Tire sidewall blowout may occur because of:

  • Under-inflation
  • Overload
  • Tire wear (especially uneven)
  • Damage
  • Age
  • Manufacturing defects.

According to the National Transportation Safety Board report, around 33,000 accidents happen annually because of tires. At least 2,000 of them are sidewall blowout-related, so it’s critical to know why the issue may occur.

Tire Sidewall Blowout Causes

Under-Inflation

Under-inflated, overly-inflated, proprly inflated tires
Image source: www.herbchambersmercedesbenz.com

Under-inflation may become an issue because of a driver’s negligence or damage. Any tire loses air over time – usually 1-2 psi per month. About 1 psi also goes away with every 10°F drop in temperature. If the tire has damage, air loss may be significantly larger, causing extreme lack of pressure sooner. Most tires have about 30-35 psi pressure standard, and if under-inflation reaches over 25%, a tire sidewall blowout may occur.

Under-inflated tires’ sidewalls flex more, as there isn’t enough pressure to hold the load of the vehicle, passengers, etc. This causes heat buildup, in addition to the existing high temperature that the tire usually can safely dissipate. This is especially dangerous at highway speeds and in warmer months. And if the temperature becomes too high for the tire to handle, it may fail any moment.

If you have experienced such an issue, the inner liner may help you identify the cause. If there are burnt rubber chunks missing from the liner, the tire sidewall blowout has most likely occurred due to under-inflation. In this case, tire manufacturers and insurance companies may refuse to repay the damage or replace the tire for free.

Tire Pressure Monitoring System (TPMS)

Tire Pressure Monitoring System tracks how much air there is in the tires and warns when it reaches a recommended limit. All vehicles manufactured after 2007 must have the TPMS built in. The goal of the system is to warn drivers about the issue and help avoid accidents due to tire failure.

Tire pressure monitoring system alarm
Image source: www.autoserviceprofessional.com

However, according to a survey, one in 10 car owners said they just ignored the warning light. Moreover, 42% of drivers can’t identify the problem at all or understand the signal.

Overload

When you drive an overloaded vehicle, the tires can overheat and explode. The vehicle also becomes less stable, so it may be more troublesome to drive out of a tire sidewall blowout. Driving at high speeds while overloaded only adds to the heat of the tire, so the accident may become inevitable. The problem is more common among SUVs and pickups, as they may carry heavy loads.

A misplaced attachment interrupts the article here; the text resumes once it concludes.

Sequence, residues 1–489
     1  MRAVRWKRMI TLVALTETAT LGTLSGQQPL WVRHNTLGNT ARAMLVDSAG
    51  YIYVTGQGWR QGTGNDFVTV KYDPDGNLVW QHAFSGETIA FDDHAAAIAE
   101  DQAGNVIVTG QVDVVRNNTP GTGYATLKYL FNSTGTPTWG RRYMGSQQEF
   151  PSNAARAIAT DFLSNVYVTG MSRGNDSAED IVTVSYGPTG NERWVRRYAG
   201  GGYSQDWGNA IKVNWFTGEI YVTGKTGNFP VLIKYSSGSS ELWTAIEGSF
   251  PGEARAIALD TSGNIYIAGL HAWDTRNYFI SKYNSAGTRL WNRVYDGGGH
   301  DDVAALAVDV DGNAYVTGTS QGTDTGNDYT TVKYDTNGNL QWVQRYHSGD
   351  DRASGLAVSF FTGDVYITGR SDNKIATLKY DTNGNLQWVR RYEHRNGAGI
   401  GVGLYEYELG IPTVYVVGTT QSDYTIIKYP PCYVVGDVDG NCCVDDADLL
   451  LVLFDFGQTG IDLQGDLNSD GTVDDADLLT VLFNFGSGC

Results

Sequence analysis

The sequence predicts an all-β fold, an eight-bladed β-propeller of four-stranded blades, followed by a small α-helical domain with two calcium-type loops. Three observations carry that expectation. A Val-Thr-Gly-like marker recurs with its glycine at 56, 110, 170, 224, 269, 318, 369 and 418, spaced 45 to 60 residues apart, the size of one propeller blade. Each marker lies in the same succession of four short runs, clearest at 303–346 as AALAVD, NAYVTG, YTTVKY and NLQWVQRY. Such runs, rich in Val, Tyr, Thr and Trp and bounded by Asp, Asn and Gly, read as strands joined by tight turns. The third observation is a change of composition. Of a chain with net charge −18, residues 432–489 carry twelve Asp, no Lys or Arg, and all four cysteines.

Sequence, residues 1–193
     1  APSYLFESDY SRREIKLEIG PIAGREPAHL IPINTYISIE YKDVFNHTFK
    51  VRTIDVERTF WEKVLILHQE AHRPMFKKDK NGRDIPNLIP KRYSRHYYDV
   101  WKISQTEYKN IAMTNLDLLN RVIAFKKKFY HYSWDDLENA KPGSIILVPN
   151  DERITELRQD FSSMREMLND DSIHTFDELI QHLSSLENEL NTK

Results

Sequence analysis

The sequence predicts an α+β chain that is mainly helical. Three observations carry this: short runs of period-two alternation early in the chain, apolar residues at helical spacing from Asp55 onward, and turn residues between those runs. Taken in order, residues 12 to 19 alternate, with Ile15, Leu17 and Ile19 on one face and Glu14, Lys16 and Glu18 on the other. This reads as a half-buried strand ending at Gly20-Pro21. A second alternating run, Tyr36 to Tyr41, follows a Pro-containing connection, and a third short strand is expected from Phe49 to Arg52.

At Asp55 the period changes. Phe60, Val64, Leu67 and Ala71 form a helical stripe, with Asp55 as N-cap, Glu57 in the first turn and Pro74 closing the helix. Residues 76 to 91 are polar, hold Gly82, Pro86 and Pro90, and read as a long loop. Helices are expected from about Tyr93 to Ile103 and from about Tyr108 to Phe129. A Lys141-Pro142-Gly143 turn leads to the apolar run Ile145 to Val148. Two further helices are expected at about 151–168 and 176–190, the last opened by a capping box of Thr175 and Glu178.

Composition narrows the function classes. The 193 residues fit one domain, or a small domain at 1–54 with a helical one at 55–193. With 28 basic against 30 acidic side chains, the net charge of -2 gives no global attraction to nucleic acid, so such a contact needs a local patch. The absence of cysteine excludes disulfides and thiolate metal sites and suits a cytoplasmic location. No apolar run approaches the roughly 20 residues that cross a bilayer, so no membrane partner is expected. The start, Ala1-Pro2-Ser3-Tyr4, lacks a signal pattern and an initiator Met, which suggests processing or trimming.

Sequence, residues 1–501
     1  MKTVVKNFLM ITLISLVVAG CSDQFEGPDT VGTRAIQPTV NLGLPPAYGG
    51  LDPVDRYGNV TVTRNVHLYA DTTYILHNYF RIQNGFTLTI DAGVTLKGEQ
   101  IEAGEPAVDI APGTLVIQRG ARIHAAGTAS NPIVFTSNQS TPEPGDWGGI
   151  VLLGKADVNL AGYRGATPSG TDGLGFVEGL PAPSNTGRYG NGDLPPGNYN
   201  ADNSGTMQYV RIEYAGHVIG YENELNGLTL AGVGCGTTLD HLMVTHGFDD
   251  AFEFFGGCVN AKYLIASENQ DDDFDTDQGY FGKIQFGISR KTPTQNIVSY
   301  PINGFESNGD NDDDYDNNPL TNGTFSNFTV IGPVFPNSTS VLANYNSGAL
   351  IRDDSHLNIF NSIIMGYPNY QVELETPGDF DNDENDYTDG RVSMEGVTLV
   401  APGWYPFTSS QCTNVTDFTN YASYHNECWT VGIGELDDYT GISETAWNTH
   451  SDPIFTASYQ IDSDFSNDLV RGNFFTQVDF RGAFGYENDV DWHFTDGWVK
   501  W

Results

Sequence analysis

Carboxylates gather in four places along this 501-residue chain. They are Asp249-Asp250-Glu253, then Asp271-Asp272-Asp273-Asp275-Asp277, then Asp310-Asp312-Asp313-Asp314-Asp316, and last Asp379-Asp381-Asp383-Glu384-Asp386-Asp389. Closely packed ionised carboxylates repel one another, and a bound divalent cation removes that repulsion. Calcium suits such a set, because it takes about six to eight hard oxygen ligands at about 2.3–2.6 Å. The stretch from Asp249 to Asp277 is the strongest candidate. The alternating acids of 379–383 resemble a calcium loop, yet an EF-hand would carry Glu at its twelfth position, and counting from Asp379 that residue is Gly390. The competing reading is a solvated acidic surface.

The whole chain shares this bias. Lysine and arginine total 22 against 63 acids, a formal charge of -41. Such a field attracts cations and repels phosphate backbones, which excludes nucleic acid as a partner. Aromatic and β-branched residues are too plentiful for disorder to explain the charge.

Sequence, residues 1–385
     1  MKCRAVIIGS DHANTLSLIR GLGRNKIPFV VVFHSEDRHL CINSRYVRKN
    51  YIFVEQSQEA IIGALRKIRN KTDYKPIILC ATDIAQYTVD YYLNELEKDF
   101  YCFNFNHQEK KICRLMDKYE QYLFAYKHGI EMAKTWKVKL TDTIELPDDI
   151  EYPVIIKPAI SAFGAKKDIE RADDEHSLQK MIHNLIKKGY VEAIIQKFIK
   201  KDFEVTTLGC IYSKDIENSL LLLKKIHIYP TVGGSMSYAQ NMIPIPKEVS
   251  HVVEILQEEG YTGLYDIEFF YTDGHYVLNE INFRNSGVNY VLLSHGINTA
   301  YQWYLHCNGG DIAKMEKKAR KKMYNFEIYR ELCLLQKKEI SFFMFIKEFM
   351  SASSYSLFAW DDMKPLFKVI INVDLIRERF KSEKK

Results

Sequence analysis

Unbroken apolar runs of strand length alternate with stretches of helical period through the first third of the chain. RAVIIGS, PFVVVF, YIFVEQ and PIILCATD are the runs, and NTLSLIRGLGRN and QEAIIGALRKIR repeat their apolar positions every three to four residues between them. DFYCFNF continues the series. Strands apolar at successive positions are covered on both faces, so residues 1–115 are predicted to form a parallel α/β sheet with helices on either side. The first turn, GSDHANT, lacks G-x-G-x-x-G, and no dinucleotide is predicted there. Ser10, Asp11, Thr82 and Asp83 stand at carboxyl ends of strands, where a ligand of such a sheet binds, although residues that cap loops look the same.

To learn more, look at your vehicle’s door for an information placard and search for the maximum load and inflation. The load mentioned can only be safe to transport if you inflate your tires, while cold, to the maximum. Your vehicles’ and tires’ maximum capacities must not be exceeded as the tires may not withstand the mass.

Info placard on a vehicle door
Image source: bridgestone.com.sg

Ideally, the tires have to be of the same load capacity as mentioned on the vehicle placard. The information on the tire’s load index is molded into its sidewall as a part of the tire code. Decipher the code using a table and note that the numbers show the capacity for one tire. So, to learn what mass your tires can transport, multiply the given number by 4.

Load index on a tire sidewall
Image source: www.discounttire.com

NOTE: Don’t think those numbers are a norm. That is the maximum limit of the tires, and every extra pound may become the cause for a tire sidewall blowout.

Tire Wear

Driving on bald tires make them heat up faster, and showing cords mean the tires can fall apart any minute. They are more vulnerable to damage, and any road curb can cause rapid air loss and result in a blowout.

The legal minimum tread depth in most states of the US is 2/32”, and a commentary suggests that’s already too shallow. After the depth reaches 4/32”, even a small pothole or a nail can cause a tire sidewall blowout.

Uneven Wear

While many drivers notice when their tread wears out completely, it may be more difficult to spot irregular wear. However, any wear pattern can cause cord exposure while the rest of the tread may still be in a good condition.

These are the main irregular treadwear patterns:

  • One-shoulder/edge.
    The tire wears more on one side, meaning there’s trouble with wheel alignment.
  • Two-shoulder.
    The tire wears more on both sides, meaning it’s under-inflated.
  • Center.
    The wear is more visible in the center, meaning the tire is over-inflated.
  • Cupping.
    The wear is in irregular spots across the tire, meaning it’s out of balance or there are problems with suspension.
  • Feathering.
    One side of the rib is sharper than the other, meaning there are issues with wheel alignment.

    Uneven tire wear patterns
    Image source: freeasestudyguides.com

If you notice any of these, replace the tires, as even when a specialist fixes the problem, the wear pattern may remain. Eventually, a hole may develop in the tire, through which it may lose air, which will cause a tire sidewall blowout.

Damage

Damage can develop due to road hazards or improper installation/maintenance. Usually when damaged, tires lose air more rapidly, resulting in blowouts, tread or belt separation, etc. Road hazards include potholes, debris, and curbs, which can leave a cut or a puncture in the tire. The damage may be immediate, making the tire go flat or explode, or it may be long-lasting. The latter will expand and eventually deflate the tire fully, causing a tire sidewall blowout.

What some of the damage can mean:

  • If you see a bulge on the tire’s sidewall, check the inner side. You may find a cut that releases air in between the plies, due to which the blister has occurred.
  • If you see a hole in the tread, this may be due to poor road (large holes) or debris (smaller ones). Both are quite dangerous as they may expose inner plies.
  • If you see a deep cut, the tire may have run on sharp debris. Such damage will provide permanent air loss and can cause an immediate tire sidewall blowout if it expands.

NOTE: Low-profile tires are especially vulnerable to road damage as their sidewalls are shorter and can’t absorb as much impact.